Thursday, December 22, 2016

The Evolution of Democracy

It is clear to many of us, in the wake of the right-wing victories in the 2016 election, that democracy is fragile. What might have happened if Trump had lost the election? Would he have gracefully accepted defeat, as Clinton did? Probably not. At least not gracefully. Throughout his campaign he declared that he would accept the election results only if he won. While I doubt he would have called his followers to violent action, he almost certainly would not have told them to restrain their passion; he would, without saying it in so many words, have encouraged his followers to begin acts of violence. Of course, we will never know, unless the Republicans lose big in 2018 or 2020.

My point is that democracy can survive only if the dominant race remains in control. The majority white race (which is actually, as described in another essay, a coalition of minority white races) likes democracy only as long as it leaves this race in control. Sure, Obama was president for eight years, but there was not one moment (except about a half a year at the beginning) when he was not under continual attack and aspersion. The Republican approach to a black presidency was to try to demolish it. They think democracy is nice but don’t let it go too far.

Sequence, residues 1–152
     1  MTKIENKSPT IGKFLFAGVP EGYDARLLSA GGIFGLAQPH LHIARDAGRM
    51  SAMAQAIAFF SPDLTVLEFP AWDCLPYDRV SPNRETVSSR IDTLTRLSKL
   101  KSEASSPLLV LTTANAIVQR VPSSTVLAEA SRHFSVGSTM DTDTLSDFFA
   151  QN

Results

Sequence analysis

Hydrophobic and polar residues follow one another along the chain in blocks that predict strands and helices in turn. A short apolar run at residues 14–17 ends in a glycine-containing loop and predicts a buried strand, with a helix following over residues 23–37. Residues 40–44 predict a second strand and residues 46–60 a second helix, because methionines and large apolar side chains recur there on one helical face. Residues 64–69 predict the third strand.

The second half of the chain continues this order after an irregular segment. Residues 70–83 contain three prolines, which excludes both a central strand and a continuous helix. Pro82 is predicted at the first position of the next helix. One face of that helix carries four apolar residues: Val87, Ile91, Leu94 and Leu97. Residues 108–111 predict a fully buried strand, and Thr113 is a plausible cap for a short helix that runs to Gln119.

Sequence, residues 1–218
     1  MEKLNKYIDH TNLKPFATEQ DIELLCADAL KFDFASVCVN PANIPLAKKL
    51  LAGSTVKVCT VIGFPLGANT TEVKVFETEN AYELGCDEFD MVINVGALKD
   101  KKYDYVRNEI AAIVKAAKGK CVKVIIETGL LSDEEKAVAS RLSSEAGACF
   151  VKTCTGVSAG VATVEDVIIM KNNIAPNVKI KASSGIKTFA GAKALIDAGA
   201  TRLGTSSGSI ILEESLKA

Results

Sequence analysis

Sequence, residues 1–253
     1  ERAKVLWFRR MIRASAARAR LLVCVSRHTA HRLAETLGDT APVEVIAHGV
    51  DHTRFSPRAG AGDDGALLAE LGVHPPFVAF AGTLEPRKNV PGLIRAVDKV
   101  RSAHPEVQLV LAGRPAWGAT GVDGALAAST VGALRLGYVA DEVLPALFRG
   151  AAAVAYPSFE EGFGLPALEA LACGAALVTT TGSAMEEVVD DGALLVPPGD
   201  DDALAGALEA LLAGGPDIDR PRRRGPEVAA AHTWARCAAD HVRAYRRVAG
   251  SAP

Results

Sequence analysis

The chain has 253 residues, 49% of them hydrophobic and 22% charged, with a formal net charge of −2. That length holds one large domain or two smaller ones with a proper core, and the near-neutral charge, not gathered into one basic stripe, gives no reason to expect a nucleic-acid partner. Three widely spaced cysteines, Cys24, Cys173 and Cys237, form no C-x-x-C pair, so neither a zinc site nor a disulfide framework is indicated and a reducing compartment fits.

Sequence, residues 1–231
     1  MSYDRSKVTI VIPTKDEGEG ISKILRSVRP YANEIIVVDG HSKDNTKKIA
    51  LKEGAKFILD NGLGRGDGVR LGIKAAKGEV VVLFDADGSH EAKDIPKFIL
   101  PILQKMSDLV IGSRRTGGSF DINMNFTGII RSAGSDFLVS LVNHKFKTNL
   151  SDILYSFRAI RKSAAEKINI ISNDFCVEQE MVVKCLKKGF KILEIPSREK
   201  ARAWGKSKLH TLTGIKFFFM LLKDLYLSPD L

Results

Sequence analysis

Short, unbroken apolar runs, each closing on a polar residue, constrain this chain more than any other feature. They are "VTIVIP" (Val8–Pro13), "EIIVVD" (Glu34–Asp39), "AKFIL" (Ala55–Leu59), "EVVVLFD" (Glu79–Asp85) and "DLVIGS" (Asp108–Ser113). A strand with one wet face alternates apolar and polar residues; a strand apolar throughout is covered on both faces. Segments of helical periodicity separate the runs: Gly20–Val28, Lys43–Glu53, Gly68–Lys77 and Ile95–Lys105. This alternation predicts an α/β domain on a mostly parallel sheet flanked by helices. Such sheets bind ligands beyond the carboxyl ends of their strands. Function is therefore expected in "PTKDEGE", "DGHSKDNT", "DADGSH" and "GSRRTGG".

In this sense democracy is like any other animal behavior system. Animal behavior systems can evolve. That’s part of how we ended up with two very closely-related species of chimpanzees: the regular chimp (Pan troglodytes), which is often violent, and the bonobo (Pan paniscus), which is usually peaceful. Chimps spend a lot of time fighting, while bonobos spend a lot of time making love. A bonobo troop is like one long orgy, or so it seems to human observers. As Frans deWaal says, chimps resolve sexual conflicts with power, while bonobos resolve power issues with sex. There is nothing fundamental in primate behavior about either peace or war. It can change over evolutionary time.

In humans, behavior can change over much shorter periods of time. There is nothing about democracy that is fundamental to American character; we have it for now, but (as has happened so often in the past in other countries) humans can quickly abandon it and embrace totalitarianism if that’s what it takes to maintain white supremacy. So far, which path we take remains open to us.

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